How to see Time-To-Live (TTL) for a DNS record

How do I see Time-To-Live (TTL) for a DNS record using Linux, macOS, *BSD, or Unix-like systems command line option? How do I find my DNS TTL?

TTL is an acronym for “Time To Live.” You can set TTL for the DNS record that defines how long a resolver supposed to cache the DNS query before the query expires. TTL typically used to reduce the load on your authoritative name servers and to speed up DNS queries for clients. This page explains how to find Time-To-Live (TTL) for a DNS record using Linux or Unix command-line options.

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Find Out Time-To-Live (TTL) for a DNS record

  1. Open the terminal application on your Linux/macOS/Unix desktop
  2. Type dig TYPE DomainNameHere NS1-AUTHNAME-SERVER-HERE and note down TTL from the answer section
  3. To find TTL value directly from the authoritative DNS server, pass the +noauthority +noquestion +noadditional +nostats option to dig command
  4. Pass the +ttlunits option to the dig to display TTL value in a human-readable time format or units such. For instance, 5m TTL means 5 minutes

Let us see all examples in details.

How to see Time-To-Live (TTL) DNS record

The syntax is as follows for the dig command:
dig TYPE domain
dig TYPE domain auth-name-server-here
dig [options] TYPE domain auth-name-server-here

To check the TTL for www.cyberciti.biz using local DNS resolver (result might be cached), run:
dig A www.cyberciti.biz
How can I see Time-To-Live (TTL) for a DNS record on Linux or macOS
So TTL for www.cyberciti.biz DNS A record is 176 seconds.

How can I get the TTL for www.cyberciti.biz using authoritative DNS server

First, find the NS for given domain:
dig +short NS cyberciti.biz
Sample outputs:

fay.ns.cloudflare.com.
clay.ns.cloudflare.com.

Now, we can either use ‘fay.ns.cloudflare.com.’ or ‘clay.ns.cloudflare.com.’ as follows to avoid caching issues:
dig A www.cyberciti.biz @fay.ns.cloudflare.com
Linux command to find Time-To-Live (TTL) DNS

Common DNS record types for TTL with examples

  • A or AAAA Record : IPv4 or IPv6 address. (dig AAAA www.cyberciti.biz)
  • CNAME Record : Canonical Name or alias. (dig CNAME server1.cyberciti.biz)
  • MX Record : Mail server/mail exchanger. (dig MX nixcraft.com)
  • TXT Record : Used for various purpose such as describing SPF record. (dig TXT cyberciti.biz)
  • NS Record : Authoritative DNS. (dig NS cyberciti.biz)

How do I find my DNS TTL?

So far, all examples give out a long answer from the dig. However, if you need just the TTL value, you can try the following syntax:
dig +nocmd +noall +answer +ttlid A www.cyberciti.biz
dig +nocmd +noall +answer +ttlid AAAA www.cyberciti.biz
dig +nocmd +noall +answer +ttlid MX cyberciti.biz

Sample outputs from the last command:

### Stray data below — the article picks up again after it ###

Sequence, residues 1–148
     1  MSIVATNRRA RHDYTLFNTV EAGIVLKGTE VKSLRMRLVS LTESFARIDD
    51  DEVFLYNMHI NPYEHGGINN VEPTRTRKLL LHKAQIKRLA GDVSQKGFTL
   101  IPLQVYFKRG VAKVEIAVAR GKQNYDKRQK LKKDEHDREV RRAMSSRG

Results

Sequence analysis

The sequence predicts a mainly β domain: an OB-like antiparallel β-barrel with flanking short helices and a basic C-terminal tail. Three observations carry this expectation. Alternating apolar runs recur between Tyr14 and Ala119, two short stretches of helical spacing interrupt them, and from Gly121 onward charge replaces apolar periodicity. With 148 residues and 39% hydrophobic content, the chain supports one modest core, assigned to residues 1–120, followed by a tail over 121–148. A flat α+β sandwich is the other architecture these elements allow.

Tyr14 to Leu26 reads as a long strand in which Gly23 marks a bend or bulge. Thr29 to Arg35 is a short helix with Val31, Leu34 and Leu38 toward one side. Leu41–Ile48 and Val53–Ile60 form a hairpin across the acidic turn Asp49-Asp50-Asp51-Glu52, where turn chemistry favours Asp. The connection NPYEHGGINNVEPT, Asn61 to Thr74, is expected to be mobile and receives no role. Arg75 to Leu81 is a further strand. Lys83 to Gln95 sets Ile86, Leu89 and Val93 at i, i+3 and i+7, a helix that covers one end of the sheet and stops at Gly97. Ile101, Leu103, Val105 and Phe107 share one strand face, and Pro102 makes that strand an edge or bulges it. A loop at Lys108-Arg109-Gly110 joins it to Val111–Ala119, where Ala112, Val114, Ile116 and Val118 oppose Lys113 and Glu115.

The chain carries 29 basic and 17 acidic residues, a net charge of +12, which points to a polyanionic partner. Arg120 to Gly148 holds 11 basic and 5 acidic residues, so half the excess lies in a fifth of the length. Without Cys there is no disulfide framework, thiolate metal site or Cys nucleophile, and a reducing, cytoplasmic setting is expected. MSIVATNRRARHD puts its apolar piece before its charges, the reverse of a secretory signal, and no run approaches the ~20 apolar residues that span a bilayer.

cyberciti.biz.		299	IN	MX	1 aspmx.l.google.com.
cyberciti.biz.		299	IN	MX	10 aspmx2.googlemail.com.
cyberciti.biz.		299	IN	MX	10 aspmx3.googlemail.com.
cyberciti.biz.		299	IN	MX	5 alt1.aspmx.l.google.com.
cyberciti.biz.		299	IN	MX	5 alt2.aspmx.l.google.com.

How to get friendly human-readable time units for my TTL

Pass the +ttlunits as follows to display the TTL in friendly human-readable time units of “s”, “m”, “h”, “d”, and “w”, representing seconds, minutes, hours, days and weeks:
dig +nocmd +noall +answer +ttlunits A www.nixcraft.com
dig +nocmd +noall +answer +ttlunits MX nixcraft.com
dig +nocmd +noall +answer +ttlunits NS cyberciti.biz

TTL and how to check TTL on Linux
See Time-To-Live (TTL) is now defined in a nice format such as 1d (one day) or 5h42m51s (five hourse 42 mintues and 51 seconds) for given DNS record.

A note about Windows users to find Time-To-Live (TTL) DNS record

You need to use the nslookup command. First, open a command prompt window by visiting Start > Command Prompt (also called as cmd.exe) and type the following command:
nslookup -debug www.cyberciti.biz
Sample outputs:

Server:		192.168.2.254
Address:	192.168.2.254#53

------------
    QUESTIONS:
	www.cyberciti.biz, type = A, class = IN
    ANSWERS:
    ->  www.cyberciti.biz
	internet address = 104.20.186.5
	ttl = 300
    ->  www.cyberciti.biz
	internet address = 104.20.187.5
	ttl = 300
    AUTHORITY RECORDS:
    ADDITIONAL RECORDS:
------------
Non-authoritative answer:
Name:	www.cyberciti.biz
Address: 104.20.186.5
Name:	www.cyberciti.biz
Address: 104.20.187.5
------------
    QUESTIONS:
	www.cyberciti.biz, type = AAAA, class = IN
    ANSWERS:
    ->  www.cyberciti.biz
	has AAAA address 2606:4700:10::6814:bb05
	ttl = 299
    ->  www.cyberciti.biz
	has AAAA address 2606:4700:10::6814:ba05
	ttl = 299
    AUTHORITY RECORDS:
    ADDITIONAL RECORDS:
------------
Name:	www.cyberciti.biz
Address: 2606:4700:10::6814:bb05
Name:	www.cyberciti.biz
Address: 2606:4700:10::6814:ba05

In this final example, look up for TTL for ‘AAAA’ record for ‘www.cyberciti.biz’ using authoritative name server named ‘clay.ns.cloudflare.com’
nslookup -debug -type=aaaa www.cyberciti.biz clay.ns.cloudflare.com

Conclusion

Time to live (TTL) is a value that implies how long should the data be kept before discarding by DNS resolvers. You learned how to use the dig command to find TTL for troubleshooting purposes. See wikipedia page here for more info on Time-To-Live (TTL) for DNS.

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